That argument's thinner than Flint Marko's character arc. And that's what's insane. That anyone would have the temerity to stand up in the midst of America's greatest foreign policy blunder EVER, in front of his colleagues and a national television audience (well, alright, C-SPAN) and announce that we have to stay in Iraq because iffin' you dun't get thar furst then, well suh, you're enemys might up and git thar befores you does and then you cain't vury well have no shot at winnin' that thar war, now can ye? I don't care if he quotes Cardinal motherfucking Richelieu on the floor of the House - it's the grasping-at-straws Fantasyland spectacle of grown men and women literally begging the American people to prolong a senseless war that I find so distasteful.

Monday, May 07, 2007

Great Moments in Conservative Humor

Wow...I don't even know what to say about this Weekly Standard "parody" piece. It's such a miserable, disgusting failure in the Humor Department, I actually kind of feel bad for the editorial board of the Weekly Standard. It's not so much that I'm embarrassed for them, because anyone who would publish this thing is clearly beyond shame. No, it's more a feeling of pity, really. Somewhere out there, someone thought this thing was funny. And not just funny, but funny enough to warrant publication in an actual old-fashioned paper magazine. Not a blog! The kind of thing that actually costs money to produce!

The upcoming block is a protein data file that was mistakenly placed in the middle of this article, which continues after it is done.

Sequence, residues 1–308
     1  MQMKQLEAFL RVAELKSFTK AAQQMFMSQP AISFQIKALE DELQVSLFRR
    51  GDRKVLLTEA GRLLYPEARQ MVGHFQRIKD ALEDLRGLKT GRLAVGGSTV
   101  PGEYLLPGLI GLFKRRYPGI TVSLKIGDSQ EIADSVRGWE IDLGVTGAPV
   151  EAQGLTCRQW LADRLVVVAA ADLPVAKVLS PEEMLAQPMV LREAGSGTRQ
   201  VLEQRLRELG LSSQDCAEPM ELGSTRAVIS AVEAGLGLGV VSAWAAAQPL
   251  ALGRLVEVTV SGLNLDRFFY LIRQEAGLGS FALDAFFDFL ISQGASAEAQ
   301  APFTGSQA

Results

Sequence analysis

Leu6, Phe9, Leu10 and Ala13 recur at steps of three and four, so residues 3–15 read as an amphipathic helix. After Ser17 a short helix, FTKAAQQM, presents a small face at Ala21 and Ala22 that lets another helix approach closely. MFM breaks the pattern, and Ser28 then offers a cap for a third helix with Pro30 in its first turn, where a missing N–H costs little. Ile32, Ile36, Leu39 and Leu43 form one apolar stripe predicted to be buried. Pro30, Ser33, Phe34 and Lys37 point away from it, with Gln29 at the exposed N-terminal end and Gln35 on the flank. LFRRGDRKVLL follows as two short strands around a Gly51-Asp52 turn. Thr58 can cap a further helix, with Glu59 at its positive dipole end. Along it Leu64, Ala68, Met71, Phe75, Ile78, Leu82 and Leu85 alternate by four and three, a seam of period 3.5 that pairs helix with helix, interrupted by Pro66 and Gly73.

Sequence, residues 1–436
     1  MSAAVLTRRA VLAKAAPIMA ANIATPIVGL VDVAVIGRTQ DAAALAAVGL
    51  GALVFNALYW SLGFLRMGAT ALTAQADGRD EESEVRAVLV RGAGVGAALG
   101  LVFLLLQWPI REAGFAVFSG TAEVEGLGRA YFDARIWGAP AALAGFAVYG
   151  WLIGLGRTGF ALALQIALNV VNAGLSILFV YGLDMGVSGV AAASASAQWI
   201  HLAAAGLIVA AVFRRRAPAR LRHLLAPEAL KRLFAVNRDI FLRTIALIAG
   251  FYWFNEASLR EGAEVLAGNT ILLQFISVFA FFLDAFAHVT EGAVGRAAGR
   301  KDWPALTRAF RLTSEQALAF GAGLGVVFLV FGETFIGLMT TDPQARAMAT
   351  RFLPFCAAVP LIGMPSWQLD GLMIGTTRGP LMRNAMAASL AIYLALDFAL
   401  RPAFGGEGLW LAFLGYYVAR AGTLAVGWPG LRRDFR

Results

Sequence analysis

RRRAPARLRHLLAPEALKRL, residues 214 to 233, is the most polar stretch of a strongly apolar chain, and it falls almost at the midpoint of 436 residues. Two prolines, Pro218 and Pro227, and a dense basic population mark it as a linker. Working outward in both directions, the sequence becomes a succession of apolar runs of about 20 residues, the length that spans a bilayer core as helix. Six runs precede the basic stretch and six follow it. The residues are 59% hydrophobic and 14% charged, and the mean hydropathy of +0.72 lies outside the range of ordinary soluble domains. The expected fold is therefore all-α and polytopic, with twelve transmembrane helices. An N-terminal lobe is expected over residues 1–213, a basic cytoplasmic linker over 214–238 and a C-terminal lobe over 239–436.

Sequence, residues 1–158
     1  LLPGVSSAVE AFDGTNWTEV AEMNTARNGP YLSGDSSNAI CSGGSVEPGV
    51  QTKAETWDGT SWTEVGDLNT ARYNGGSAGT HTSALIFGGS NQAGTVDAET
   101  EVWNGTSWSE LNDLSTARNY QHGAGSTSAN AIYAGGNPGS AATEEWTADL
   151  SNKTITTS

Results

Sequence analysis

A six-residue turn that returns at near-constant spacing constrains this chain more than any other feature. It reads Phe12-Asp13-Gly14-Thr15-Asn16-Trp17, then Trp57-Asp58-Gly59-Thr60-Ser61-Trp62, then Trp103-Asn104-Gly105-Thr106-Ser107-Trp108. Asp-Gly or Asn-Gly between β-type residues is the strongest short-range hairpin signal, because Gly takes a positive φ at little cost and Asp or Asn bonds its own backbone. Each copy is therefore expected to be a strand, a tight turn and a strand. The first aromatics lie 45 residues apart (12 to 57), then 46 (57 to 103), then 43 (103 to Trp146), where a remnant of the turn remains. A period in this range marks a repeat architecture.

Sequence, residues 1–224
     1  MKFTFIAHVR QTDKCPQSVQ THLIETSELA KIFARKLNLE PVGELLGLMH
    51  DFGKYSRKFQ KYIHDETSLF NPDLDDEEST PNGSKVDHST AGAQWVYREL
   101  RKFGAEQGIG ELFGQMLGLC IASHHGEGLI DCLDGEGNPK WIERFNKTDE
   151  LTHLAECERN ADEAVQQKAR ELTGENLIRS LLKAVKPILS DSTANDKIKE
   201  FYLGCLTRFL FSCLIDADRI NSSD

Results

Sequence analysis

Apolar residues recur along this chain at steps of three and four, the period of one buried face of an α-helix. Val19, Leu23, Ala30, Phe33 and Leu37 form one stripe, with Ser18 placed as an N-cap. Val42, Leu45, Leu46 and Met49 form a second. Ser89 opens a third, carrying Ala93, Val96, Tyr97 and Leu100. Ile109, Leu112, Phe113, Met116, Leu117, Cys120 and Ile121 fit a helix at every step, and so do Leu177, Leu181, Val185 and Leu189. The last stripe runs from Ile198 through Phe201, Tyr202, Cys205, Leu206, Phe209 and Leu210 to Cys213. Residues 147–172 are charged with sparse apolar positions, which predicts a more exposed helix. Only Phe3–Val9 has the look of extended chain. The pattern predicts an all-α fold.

It's a response to former NJ Gov. Jim McGreevey's decision to enter the priesthood. McGreevey, of course, resigned from office and then admitted to having a homosexual affair with a staffer. Get it? He's a ghey and he wants to enter the priesthood! Because there certainly aren't any priests who like boys! What a ridiculous notion.

Already a thin premise for a joke, no? I'm not sure if Episcopalian priests have to maintain a celibate lifestyle (I'm assuming not), but regardless, it's not like your personal sexual preferences have a lot to do with the job description. As long as you generally look down on it, that is.

But even so, gay priests are hardly the far-out stuff of comic fantasy. Rather, they're an everyday reality. And I'm not just talking about the Diddler Priests! There are plenty of non-pedophile gay guys who become priests, just like there are gay men in every conceivable occupation. (Yes, gay mechanics! And construction workers! Get the fuck over it!)